“The Department of Education (Schools) is of the considered view the focus as on date will be more on the areas for providing a holistic development of the students by making Schools a joyful place for learning and considering the above circumstances and with an objective to reduce the excessive stress created amongst the students on the one hand and also to make schools a more conductive and joyful place, the Government have decided to declare every working Saturday as “NO SCHOOL BAG DAY”.

“The “No School Bag Day” shall be enforced in all categories of Schools including the Governmnet, Government Aided and Unaided/Private Schools for students in Classes 1 to 8. On all working Saturday, the students shall not carry any school bag and Schools shall ensure taking skill activities including extra co-curricular activities , games and sports, recreational activities, etc and make schools a more joy place of learning”, the office memorandum added.

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Mockery of the legislation

Without exceptions or let-up across parties that has ruled the country since independence, a continually disappointing and very prominent feature that has been the bane of progress of this country is that legislations framed by successive governments to protect the rights of the common people are often a mockery as the authorities entrusted with their proper implementation has never bothered to put the required efforts to ensure the same, let alone the thought of following up and improving upon them. There had been countless instances where government authorities turned a deaf ear to the cries for justice and relief as per the innumerable provisions provided in the legislations passed by the governments for the protection and safeguarding of the rights of the common people. Almost every single legislations framed by the government ultimately ends up as a convenient tool to protect and further the interest of the rich and influential people as the system is, in practice, no different to a monarchy where those in power and position treat laws and legislations as their weapon of choice for personal and political advantage.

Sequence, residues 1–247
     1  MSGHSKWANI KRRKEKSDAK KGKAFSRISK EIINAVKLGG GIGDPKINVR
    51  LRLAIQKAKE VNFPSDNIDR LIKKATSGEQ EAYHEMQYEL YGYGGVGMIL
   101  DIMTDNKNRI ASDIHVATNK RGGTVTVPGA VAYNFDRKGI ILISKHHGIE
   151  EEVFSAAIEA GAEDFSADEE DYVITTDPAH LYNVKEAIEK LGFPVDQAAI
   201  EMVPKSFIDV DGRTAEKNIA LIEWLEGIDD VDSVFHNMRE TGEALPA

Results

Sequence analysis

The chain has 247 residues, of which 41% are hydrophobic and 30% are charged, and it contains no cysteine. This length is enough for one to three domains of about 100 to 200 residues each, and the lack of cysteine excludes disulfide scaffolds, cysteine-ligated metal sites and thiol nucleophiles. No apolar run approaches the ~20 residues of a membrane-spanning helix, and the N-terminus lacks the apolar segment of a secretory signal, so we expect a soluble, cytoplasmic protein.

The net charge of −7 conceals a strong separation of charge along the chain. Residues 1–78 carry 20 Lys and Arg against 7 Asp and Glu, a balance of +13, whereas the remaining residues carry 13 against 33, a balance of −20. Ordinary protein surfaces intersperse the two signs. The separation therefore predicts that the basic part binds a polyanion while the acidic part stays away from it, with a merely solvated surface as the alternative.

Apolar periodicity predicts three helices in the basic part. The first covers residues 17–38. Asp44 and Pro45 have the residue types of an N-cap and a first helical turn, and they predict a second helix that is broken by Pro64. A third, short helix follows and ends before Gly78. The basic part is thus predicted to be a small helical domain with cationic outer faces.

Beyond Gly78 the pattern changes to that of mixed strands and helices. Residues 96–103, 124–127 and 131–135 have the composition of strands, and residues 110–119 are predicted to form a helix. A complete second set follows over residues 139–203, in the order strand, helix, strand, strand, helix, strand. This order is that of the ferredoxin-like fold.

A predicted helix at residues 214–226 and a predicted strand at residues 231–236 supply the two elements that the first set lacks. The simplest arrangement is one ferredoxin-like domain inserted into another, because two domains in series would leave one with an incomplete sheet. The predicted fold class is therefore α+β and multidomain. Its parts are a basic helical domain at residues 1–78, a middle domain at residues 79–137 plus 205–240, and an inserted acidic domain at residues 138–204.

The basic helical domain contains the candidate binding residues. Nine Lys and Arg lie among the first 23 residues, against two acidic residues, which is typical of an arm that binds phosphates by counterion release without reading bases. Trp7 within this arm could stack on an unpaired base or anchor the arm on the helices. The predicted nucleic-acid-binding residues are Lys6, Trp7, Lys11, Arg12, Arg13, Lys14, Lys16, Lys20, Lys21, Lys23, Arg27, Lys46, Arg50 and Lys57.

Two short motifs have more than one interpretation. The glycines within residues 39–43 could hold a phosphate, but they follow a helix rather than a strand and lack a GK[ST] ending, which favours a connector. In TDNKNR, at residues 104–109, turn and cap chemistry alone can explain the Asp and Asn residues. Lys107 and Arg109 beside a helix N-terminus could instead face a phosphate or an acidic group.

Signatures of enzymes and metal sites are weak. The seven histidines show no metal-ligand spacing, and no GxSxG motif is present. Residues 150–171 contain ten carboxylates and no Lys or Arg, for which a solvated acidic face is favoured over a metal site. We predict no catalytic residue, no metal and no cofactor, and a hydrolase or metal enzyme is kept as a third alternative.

However, with the advancements in information technology, the people today have access to information about the muzzling of the Manipur Private Schools (Registration) Bill, 2017 which got the assent from the governor due to pressure from a highly influential Private School body. In this regard the ruling government till today has not given a clear picture or explanation as to why the legislation passed by the state Legislative Assembly has not been implemented. Notably, the Manipur Private Schools (Registration) Bill, 2017 and the Manipur Coaching Institute (Control and Regulation) Bill, 2017, were passed unanimously in order to streamline the education system and to have proper control over the mushrooming of business oriented private schools and coaching centres. The speculation of the public about the pressure given by the private educational body and the probable nexus between the Education Minister and the body is assumable.
It is not only the Private School regulation and registration Act, but the Manipur Conservation of Paddy land and Wetland Act 2014 that was passed to conserve the paddy land and wetland and to restrict the conversion or reclamation thereof in order to promote growth in the agricultural sector in the state of Manipur that has been violated by the same private educational institution  in blatant disregard of a standing order of the concern SDO issued to the pattadar to stop any construction activity on the agricultural land and restore the land to its original position immediately more than a year back.
Such flagrant violations of government legislation by wealthy and influential persons are nothing new or extraordinary- and therein lies the real concern of the common people. The evident impotency of the state government to enforce its own rules despite overwhelming evidences of violations is a clear indication of a compromised authority and corrupt system. Ironically, the present government is crying hoarse about its intention of uprooting corruption by marshalling support and evidence from the general public, while such a high-profile and clear-cut case has been deliberately overlooked. It is also a given that lawsuits are also being used by the wealthy to defer judgments or buy time to make ignoble arrangements, and the same may very well be taken up by the violator/s to wear out any protests or prohibitions.